JAMES E. B. STUART, the most famous cavalry leader of the Southern Confederacy during the Civil war, was born
in Patrick county, Virginia, in 1833. On graduating from the United States Military Academy, West Point, in 1854,
he was assigned, as second lieutenant, to a regimenf of mounted rifles, receiving his commission in October. In
March, 1855, he was transferred to the newly organized First cavalry, and was promoted to first lieutenant the
following December, and to captain April 22, 1861. Taking the side of the south, May 14, 1861, he was made colonel
of a Virginia cavalry regiment, and served as such at Bull Run. In September, 1861, he was promoted to the rank
of brigadier general, and major general early in 1862. On the reorganization of the Army of Northern Virginia,
in June of the latter year, when R. E. Lee assumed command, General Stuart made a reconnoissance with one thousand
five hundred cavalry and four guns, and in two days made the circuit of McClellan's army, producing much confusion
and gathering useful information, and losing but one man. August 25, 1862, he captured part of Pope's headquarters'
train, including that general's private baggage and official correspondence, and the next night, in a descent upon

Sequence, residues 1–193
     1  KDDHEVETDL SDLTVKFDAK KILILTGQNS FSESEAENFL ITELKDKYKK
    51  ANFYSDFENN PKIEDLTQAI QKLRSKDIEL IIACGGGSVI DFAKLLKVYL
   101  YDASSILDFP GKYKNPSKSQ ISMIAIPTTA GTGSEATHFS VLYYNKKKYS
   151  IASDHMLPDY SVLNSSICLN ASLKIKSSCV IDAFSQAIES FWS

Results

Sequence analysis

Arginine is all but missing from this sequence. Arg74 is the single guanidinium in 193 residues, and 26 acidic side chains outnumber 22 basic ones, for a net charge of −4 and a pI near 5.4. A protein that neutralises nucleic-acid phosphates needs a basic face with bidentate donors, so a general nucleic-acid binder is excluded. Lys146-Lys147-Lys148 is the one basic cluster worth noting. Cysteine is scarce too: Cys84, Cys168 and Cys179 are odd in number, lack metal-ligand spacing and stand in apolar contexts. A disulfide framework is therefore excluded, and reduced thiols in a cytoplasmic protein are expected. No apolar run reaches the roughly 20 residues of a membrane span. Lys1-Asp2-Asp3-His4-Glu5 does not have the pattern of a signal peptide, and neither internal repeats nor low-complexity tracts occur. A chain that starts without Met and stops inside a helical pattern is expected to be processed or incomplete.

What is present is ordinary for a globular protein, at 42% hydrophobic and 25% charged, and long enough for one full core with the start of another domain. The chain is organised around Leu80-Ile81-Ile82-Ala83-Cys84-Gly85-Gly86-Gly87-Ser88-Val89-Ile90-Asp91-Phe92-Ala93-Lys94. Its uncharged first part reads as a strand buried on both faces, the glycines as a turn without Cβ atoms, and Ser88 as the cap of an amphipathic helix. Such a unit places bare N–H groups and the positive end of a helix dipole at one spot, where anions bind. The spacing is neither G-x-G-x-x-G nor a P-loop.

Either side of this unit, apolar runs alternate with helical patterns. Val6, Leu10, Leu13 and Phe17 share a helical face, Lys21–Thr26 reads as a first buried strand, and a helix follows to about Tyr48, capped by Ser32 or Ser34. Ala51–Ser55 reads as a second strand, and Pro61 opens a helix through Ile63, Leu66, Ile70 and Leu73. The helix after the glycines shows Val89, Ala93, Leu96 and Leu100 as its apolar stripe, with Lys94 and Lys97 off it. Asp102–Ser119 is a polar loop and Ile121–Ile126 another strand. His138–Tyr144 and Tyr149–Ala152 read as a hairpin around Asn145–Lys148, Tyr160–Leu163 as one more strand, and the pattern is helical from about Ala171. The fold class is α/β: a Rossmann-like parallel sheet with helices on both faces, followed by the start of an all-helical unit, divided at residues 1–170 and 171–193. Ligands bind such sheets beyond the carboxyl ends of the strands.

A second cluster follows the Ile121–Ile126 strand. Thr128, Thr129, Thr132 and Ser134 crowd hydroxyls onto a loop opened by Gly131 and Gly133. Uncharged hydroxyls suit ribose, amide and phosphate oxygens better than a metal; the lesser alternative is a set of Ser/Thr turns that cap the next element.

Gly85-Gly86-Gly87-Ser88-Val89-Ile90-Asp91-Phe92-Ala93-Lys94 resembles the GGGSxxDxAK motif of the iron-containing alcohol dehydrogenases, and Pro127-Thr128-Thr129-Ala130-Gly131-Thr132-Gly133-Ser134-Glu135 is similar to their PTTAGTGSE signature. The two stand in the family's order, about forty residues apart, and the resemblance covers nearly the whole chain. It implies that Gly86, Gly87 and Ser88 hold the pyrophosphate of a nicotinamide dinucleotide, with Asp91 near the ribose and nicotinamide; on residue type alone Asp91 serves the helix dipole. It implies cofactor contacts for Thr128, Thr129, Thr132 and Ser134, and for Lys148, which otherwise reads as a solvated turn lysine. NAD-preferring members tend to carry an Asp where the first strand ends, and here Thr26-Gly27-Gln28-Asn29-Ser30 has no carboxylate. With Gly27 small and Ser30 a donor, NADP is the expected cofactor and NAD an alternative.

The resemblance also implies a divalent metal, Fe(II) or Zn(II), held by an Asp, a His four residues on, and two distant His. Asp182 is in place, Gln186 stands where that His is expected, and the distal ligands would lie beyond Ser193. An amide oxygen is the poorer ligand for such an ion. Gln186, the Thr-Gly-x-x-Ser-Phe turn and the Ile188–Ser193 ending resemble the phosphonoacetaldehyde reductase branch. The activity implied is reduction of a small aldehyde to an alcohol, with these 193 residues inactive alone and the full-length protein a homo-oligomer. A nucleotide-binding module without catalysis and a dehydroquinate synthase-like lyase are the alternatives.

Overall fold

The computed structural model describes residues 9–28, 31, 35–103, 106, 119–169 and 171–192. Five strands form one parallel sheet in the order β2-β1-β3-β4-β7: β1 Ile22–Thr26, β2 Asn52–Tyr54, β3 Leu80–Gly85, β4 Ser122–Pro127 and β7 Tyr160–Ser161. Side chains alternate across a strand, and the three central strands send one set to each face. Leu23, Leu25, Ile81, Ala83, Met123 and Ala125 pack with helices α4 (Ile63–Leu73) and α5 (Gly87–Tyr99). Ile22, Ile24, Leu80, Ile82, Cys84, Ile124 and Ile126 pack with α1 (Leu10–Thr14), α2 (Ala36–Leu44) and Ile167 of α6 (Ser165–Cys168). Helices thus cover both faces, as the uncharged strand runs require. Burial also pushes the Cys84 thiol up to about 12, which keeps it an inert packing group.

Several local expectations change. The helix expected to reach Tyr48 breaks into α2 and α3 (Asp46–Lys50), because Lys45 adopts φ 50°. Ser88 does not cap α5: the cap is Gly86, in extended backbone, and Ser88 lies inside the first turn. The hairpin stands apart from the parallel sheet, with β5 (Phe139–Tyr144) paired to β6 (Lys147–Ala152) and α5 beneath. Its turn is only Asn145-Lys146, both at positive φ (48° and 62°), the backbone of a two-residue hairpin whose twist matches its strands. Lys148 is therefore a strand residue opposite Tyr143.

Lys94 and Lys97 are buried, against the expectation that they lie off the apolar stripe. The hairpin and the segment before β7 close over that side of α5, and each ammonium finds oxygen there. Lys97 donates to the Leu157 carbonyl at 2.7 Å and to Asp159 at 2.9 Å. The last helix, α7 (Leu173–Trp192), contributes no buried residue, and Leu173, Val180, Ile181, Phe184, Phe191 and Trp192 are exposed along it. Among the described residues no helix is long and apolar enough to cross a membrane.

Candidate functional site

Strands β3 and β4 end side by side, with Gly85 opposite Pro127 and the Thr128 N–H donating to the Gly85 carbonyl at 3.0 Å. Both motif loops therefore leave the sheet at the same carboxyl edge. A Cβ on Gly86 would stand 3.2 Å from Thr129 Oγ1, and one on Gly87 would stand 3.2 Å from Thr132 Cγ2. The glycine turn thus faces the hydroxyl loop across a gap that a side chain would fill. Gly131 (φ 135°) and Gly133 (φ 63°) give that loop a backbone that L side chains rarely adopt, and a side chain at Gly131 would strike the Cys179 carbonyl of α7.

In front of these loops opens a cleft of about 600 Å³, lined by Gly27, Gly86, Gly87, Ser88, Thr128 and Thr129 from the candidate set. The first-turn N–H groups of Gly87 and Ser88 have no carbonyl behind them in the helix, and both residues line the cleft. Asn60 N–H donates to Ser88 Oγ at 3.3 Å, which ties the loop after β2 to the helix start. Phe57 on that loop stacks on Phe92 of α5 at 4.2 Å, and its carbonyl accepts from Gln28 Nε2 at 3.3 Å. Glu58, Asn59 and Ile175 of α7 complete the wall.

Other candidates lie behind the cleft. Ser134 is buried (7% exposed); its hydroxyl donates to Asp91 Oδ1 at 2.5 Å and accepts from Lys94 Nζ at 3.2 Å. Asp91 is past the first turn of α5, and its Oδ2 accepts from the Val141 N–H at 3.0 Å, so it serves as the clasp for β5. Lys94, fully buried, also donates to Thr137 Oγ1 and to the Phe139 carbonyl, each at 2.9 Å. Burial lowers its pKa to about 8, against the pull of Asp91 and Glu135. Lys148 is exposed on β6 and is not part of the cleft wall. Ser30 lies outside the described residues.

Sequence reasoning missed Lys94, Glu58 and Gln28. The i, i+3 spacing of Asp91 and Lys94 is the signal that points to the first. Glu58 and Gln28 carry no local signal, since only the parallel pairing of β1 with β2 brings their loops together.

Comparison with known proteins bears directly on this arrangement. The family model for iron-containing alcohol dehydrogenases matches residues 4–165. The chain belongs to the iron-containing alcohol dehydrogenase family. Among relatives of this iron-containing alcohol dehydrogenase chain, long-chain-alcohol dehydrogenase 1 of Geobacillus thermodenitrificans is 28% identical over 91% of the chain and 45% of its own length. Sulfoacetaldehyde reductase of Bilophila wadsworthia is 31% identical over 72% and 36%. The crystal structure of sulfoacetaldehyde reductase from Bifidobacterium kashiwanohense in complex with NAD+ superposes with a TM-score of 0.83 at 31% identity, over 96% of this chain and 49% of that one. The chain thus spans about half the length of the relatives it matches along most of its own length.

Manasses, capturing immense quantities of commissary and quartermaster store, eight guns, a number of locomotives
and a few hundred prisoners. During the invasion of Maryland, in September, 1862, General Stuart acted as rear
guard, resisting the advance of the Federal cavalry at South Mountain, and at Antietam commanded the Confederate
left. Shortly after he crossed the Potomac, making a raid as far as Chambersbnrg, Pennsylvania. In the battle of
Fredericksburg, December 13, 1862, General Stuart's command was on the extreme right of the Confederate line. At
Chancellorsville, after "Stonewall "Jackson's death and the wounding of General A. P. Hill, General Stuart
assumed command of Jackson's corps, which he led in the severe contest of May 3, 1863. Early in June, the same
year, a large force of cavalry was gathered under Stuart, at Culpepper, Virginia, which, advancing to join General
Lee in his invasion of Pennsylvania, was met at Brandy Station, by two divisions of cavalry and two brigades of
infantry, under General John I. Gregg, and driven back. During the movements of the Gettysburg campaign he rendered
important services. In May, 1864, General Stuart succeeded, by a detour, in placing himself between Richmond and
Sheridan's advancing column, and at Yellow Tavern was attacked in force. During the fierce conflict that ensued
General Stuart was mortally wounded, and died at Richmond, May 11, 1864.
A Biographical Record
Of Schuyler County, New York
The S. J. Clarke Publishing Company
New York and Chicago 1903.
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